23/07/2024 6:31 AM


Piece of That Fashion

A Guide to Successful VMI Programs

By Jim Lewis, CEO Enhanced Retail Solutions LLC

Tis the season for VMI. We are seeing an increase in inquiries from suppliers asking for help to understand how to successfully manage these programs. It requires a combination of skill sets, technology and expertise.

For those who are not familiar, the name implies exactly what it is: Vendor Managed Inventory. The supplier (vendor) manages the allocation and inventory support by SKU by Store for the retailer. That means the supplier writes their own orders. The retailer may provide blanket approval or require oversight on an agreed upon cadence. There are great benefits for both the supplier and retailer.

Benefits of Vendor Managed Inventory Programs

The retailer’s risk is reduced because they don’t have to own as much inventory. They also don’t have to allocate resources to managing those sku’s and stores. They generally see better in-stocks and increased sales and profit. With the supplier looking after their “piece of the pie” they can really maximize it.

Suppliers like it because they gain some control over the business. They can optimize allocation by analyzing every SKU-store combination and balancing inventory. That increases sales and profit. It is a lot of work but worth it. One client put it like this: it’s like building a moat around the business- it blocks out competitors.

Successful VMI programs require careful stewardship on the part of the supplier. Large CPG companies have sophisticated software and teams of people to run the programs. Smaller companies can achieve the same results by getting help from companies like ERS. Suppliers need:

  1. Data: Store level point of sale (POS) data that includes sales, on hand and on order. For most retailers this is the EDI 852 document. It can be automatically transmitted. The data may also be downloadable from a retailer’s vendor portal. The supplier’s wholesale inventory from the ERP system is also needed.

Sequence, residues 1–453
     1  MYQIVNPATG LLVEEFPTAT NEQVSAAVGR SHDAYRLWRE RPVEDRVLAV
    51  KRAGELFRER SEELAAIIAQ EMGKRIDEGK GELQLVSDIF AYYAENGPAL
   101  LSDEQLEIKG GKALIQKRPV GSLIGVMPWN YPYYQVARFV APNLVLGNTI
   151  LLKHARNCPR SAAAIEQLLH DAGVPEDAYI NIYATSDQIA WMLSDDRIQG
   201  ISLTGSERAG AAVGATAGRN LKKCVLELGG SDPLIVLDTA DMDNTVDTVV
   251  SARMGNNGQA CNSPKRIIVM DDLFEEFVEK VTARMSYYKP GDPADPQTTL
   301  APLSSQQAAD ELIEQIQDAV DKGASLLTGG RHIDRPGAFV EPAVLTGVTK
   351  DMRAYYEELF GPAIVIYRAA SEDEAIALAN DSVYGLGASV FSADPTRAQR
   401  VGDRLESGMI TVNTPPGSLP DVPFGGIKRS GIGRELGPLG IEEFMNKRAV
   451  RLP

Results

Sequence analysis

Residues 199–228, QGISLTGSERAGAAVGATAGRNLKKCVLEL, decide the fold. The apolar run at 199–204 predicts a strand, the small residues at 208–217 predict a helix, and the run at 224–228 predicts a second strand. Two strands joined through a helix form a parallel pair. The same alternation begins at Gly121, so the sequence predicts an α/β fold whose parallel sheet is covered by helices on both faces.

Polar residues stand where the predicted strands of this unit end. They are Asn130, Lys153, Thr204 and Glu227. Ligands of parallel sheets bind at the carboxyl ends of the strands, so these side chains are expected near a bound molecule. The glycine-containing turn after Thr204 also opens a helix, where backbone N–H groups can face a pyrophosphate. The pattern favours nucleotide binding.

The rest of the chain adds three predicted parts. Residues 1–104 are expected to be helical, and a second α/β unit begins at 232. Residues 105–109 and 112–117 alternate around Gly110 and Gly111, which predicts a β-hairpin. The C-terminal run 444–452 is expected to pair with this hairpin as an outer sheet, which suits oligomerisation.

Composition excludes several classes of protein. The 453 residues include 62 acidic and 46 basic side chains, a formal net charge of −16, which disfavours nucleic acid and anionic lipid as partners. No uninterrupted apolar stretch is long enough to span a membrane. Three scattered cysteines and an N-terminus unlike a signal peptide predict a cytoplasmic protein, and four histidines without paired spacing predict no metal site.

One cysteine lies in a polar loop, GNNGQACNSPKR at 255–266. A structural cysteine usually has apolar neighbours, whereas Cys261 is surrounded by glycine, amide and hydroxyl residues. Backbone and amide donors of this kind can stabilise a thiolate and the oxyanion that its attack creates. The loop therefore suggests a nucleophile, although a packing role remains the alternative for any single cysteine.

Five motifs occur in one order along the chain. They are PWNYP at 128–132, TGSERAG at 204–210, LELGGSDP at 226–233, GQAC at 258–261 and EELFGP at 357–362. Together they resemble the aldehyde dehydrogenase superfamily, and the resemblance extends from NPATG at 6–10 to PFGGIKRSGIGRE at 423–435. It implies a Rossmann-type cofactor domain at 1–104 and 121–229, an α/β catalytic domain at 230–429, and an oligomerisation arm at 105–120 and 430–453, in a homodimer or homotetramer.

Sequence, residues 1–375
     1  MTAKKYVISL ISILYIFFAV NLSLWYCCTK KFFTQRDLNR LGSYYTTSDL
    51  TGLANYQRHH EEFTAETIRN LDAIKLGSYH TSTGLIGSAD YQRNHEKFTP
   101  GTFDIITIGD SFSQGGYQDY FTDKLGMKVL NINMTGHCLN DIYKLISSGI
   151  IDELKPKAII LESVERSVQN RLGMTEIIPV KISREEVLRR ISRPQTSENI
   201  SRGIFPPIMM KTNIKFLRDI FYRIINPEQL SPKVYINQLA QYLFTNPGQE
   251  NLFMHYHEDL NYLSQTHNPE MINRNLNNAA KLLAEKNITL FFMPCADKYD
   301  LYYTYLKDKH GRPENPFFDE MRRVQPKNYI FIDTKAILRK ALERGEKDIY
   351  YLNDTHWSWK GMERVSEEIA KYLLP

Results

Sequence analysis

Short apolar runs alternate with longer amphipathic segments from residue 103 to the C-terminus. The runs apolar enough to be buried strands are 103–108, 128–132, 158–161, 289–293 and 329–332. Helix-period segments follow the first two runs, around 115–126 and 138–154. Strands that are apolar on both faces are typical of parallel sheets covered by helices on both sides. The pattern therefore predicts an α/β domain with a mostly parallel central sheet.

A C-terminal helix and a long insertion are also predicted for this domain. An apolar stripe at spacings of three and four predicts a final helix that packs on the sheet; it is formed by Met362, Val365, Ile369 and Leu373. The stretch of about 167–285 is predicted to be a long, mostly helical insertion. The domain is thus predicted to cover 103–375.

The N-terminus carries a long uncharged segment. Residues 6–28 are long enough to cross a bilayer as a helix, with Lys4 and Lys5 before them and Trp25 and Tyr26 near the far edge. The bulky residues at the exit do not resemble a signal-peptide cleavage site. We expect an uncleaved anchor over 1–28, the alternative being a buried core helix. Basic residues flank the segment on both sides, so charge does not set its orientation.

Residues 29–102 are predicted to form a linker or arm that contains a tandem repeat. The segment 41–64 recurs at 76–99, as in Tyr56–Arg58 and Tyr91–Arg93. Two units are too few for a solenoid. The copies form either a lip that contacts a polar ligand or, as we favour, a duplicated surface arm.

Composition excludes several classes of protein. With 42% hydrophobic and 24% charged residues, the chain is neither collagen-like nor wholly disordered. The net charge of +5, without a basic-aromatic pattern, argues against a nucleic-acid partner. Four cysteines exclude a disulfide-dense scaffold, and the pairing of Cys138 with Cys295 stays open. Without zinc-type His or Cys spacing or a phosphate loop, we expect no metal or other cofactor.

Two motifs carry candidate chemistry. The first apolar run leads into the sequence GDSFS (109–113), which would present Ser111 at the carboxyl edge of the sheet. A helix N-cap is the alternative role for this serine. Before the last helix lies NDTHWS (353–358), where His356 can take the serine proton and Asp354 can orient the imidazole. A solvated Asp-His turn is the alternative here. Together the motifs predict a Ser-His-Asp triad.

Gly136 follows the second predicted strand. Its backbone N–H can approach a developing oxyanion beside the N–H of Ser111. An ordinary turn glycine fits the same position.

2. Database: The data needs to be collected (generally weekly) and history built up. Queries can then be derived to find trends and aid in calculations.
  3. Inventory Model: The retailer generally provides guidance on how much inventory they are willing to carry. Minimum, maximum or weeks of supply models by store.
  4. Logic: Rate of sale calculations, business rules and allocation methodology. For example, how to adapt recommended orders to fit into open to buy limitations.
  5. Software to automate all the processes and create reverse PO’s. A user-friendly interface that provides visibility to orders and approvals, etc.

ERS offers a mostly automated process for determining inventory needs by SKU by store. It takes advantage of shared resources from our intelligentretail.net platform includes seasonality sales curves, demand planning parameters, reporting and dashboards.

The VMI Cycle

A Guide to Successful VMI Programs

The VMI Cycle

The process starts with a weekly POS data feed at store level from the retailer. That POS data gets ingested along with the supplier’s wholesale inventory into our database and intelligence engine. The system then calculates multiple rates of sale by store, inventory requirements and recommends a replenishment quantity by SKU by store. The user approves it or asks the system to recalculate using a different distribution scenario. The system recalculates and once approved, creates a data extract with purchase order details that can transmitted back to the retailer.

For suppliers interested in taking on VMI programs, visit the VMI page on the ERS website for more information.